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I was enjoying "The Humble Programmer" earlier today and ran across this choice quote:

Therefore, for the time being and perhaps forever, the rules of the second kind present themselves as elements of discipline required from the programmer. Some of the rules I have in mind are so clear that they can be taught and that there never needs to be an argument as to whether a given program violates them or not. Examples are the requirements that no loop should be written down without providing a proof for termination nor without stating the relation whose invariance will not be destroyed by the execution of the repeatable statement.

I'm looking for which of Dijkstra's 1300+ writings best describe in further detail rules such as he was describing above.

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up vote 7 down vote accepted

Page 5 through 18: http://userweb.cs.utexas.edu/users/EWD/ewd02xx/EWD249.PDF
Mid. page 3 through end: http://userweb.cs.utexas.edu/users/EWD/ewd04xx/EWD473.PDF
End page 5 through end: http://userweb.cs.utexas.edu/users/EWD/ewd06xx/EWD641.PDF
All: http://userweb.cs.utexas.edu/users/EWD/transcriptions/EWD02xx/EWD261.html (Dutch, translation=below)

Note: Dijkstra numbers his pages starting at 0. Given page numbers are starting at 1, the PDF page number, and not the written page numbers.


My translation of EWD261 in English:

How to program mathematically

A (well-defined) programme is structured just like a (well-defined) mathematical theory. The programmers' work is not different from that of a creative mathematician.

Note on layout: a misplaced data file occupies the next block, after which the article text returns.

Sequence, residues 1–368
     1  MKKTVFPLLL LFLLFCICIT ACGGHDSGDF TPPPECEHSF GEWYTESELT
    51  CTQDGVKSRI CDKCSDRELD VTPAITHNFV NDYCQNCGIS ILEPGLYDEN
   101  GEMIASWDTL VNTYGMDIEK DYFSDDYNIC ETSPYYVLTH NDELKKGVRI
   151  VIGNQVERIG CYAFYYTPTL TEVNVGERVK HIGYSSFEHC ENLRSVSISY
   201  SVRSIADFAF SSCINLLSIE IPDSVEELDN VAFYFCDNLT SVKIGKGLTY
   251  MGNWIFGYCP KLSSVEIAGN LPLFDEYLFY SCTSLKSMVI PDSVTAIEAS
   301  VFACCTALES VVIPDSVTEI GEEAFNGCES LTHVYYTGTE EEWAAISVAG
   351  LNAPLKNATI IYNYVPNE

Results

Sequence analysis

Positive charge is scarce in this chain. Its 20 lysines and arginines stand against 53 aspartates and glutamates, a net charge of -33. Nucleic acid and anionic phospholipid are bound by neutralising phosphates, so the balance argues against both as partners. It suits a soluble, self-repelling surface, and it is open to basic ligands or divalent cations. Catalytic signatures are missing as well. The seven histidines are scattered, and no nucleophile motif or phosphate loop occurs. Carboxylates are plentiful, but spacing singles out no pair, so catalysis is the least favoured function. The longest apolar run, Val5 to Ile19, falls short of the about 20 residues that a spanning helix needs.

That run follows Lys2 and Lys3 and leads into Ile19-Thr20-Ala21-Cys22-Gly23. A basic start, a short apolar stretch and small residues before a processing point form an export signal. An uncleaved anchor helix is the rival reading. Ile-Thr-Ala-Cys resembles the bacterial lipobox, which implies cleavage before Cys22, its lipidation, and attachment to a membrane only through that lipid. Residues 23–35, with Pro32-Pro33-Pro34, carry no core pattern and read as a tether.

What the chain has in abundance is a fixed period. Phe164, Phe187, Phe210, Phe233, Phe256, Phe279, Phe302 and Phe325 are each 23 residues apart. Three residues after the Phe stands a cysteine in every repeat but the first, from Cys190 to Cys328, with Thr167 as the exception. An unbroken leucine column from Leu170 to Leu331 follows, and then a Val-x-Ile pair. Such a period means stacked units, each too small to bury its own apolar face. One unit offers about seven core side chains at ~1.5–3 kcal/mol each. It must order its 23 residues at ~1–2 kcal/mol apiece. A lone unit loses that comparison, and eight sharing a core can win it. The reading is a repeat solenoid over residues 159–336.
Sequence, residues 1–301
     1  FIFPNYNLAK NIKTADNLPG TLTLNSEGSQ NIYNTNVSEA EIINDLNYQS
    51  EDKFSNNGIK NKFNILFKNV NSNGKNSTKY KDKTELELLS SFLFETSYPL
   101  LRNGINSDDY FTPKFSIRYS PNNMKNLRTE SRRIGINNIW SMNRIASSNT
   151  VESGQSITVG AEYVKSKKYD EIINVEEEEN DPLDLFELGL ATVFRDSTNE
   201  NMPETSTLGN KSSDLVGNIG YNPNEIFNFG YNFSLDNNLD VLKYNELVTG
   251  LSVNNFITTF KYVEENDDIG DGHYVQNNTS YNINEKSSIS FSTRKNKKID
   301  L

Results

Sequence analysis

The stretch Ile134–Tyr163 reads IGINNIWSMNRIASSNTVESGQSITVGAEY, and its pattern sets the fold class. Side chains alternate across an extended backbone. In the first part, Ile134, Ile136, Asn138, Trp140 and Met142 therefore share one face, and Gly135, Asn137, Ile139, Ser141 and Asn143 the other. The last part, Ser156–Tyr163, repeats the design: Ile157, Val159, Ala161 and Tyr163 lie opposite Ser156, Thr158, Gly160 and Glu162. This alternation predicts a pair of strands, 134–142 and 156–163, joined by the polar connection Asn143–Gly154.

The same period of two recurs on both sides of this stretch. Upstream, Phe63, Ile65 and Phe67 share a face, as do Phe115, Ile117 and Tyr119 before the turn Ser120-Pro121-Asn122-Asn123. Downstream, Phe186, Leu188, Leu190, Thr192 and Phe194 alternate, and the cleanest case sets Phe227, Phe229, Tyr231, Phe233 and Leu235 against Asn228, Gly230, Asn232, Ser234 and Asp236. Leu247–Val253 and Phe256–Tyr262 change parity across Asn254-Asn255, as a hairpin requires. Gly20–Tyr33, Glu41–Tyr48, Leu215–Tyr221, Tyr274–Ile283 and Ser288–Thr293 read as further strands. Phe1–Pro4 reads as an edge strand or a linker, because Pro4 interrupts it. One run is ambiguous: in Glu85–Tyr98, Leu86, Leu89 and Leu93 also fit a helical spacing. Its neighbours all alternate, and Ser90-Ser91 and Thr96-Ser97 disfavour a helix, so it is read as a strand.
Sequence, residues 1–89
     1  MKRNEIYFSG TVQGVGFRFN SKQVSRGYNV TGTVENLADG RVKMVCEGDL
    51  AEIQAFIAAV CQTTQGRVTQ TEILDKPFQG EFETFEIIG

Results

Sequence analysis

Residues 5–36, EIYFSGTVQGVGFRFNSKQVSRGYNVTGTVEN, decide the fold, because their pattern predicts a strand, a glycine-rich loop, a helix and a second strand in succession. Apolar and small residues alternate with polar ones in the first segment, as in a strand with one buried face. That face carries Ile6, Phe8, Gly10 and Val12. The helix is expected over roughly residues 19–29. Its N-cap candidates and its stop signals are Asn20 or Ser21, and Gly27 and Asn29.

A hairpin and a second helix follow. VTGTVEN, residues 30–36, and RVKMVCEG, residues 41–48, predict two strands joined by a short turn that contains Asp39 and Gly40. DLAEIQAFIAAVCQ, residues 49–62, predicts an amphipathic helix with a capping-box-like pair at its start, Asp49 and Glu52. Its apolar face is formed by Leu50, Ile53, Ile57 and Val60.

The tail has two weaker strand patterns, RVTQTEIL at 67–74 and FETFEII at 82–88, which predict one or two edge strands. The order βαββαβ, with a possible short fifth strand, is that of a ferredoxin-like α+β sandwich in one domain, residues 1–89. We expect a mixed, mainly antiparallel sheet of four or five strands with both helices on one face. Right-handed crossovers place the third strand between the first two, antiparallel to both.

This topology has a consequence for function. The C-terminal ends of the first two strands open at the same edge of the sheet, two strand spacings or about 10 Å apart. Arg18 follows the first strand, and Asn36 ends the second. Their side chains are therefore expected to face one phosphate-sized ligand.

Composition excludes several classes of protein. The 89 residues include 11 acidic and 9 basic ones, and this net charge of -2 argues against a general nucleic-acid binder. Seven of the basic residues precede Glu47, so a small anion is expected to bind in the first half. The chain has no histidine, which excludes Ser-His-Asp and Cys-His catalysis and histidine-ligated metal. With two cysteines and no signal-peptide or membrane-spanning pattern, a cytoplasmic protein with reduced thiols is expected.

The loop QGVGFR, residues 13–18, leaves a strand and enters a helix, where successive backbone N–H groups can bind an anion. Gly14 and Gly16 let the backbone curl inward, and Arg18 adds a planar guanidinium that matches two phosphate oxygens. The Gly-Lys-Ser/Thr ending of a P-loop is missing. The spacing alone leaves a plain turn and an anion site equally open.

There are small, but important, differences, though:

  1. There are not much basic concepts of programming and they are not difficult to comprehend (though misleadingly simple); this is why it's an ideal for development practice. (Besides this, there is the fact that a demand for correctness, the programme should really work!)
  2. With most mathematical education one learns about existing theorems, viz. equipping a student with a specific (detailed) set of concepts; a programmer, however, has to develop the needed concept himself. Programming requires the abstractions which leads to a type of creativity, while the same in mathematics is limited to applying existing theorems.
  3. Because programmes are big and nevertheless have to work will programmers learn how to develop carefully and consciously. This is exactly what one should teach! To teach extensive knowledge is, for me, not justified.
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Printed out EWD249, the whole paper looked interesting. Read EWD473, which was interesting, but I think I missed the programming language relevance. –  jemfinch May 19 '10 at 12:47
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@jemfinch I'll translate the Dutch page on here (I'm native Dutch). –  Pindatjuh May 19 '10 at 15:05
    
That'd be awesome, I was actually thinking about tweeting in hopes that someone would write a translation :) –  jemfinch May 19 '10 at 15:26
    
Also note; Dijkstra is the kind of "write software once, and it should never contain any bugs". Also; he doesn't present all his "rules" on a silver plate, instead; one has to search for them in his texts. They are not bounded to any language, but they are general advices of how a "structured program" (but he didn't liked the term anymore, because people in the '70 were abusing it), or a "mathematical programmer"'s work (the term he much more preferred later on), should be and not be. –  Pindatjuh May 19 '10 at 17:27
    
Wow! That is impressive searching. +1 –  Aryabhatta May 19 '10 at 17:47
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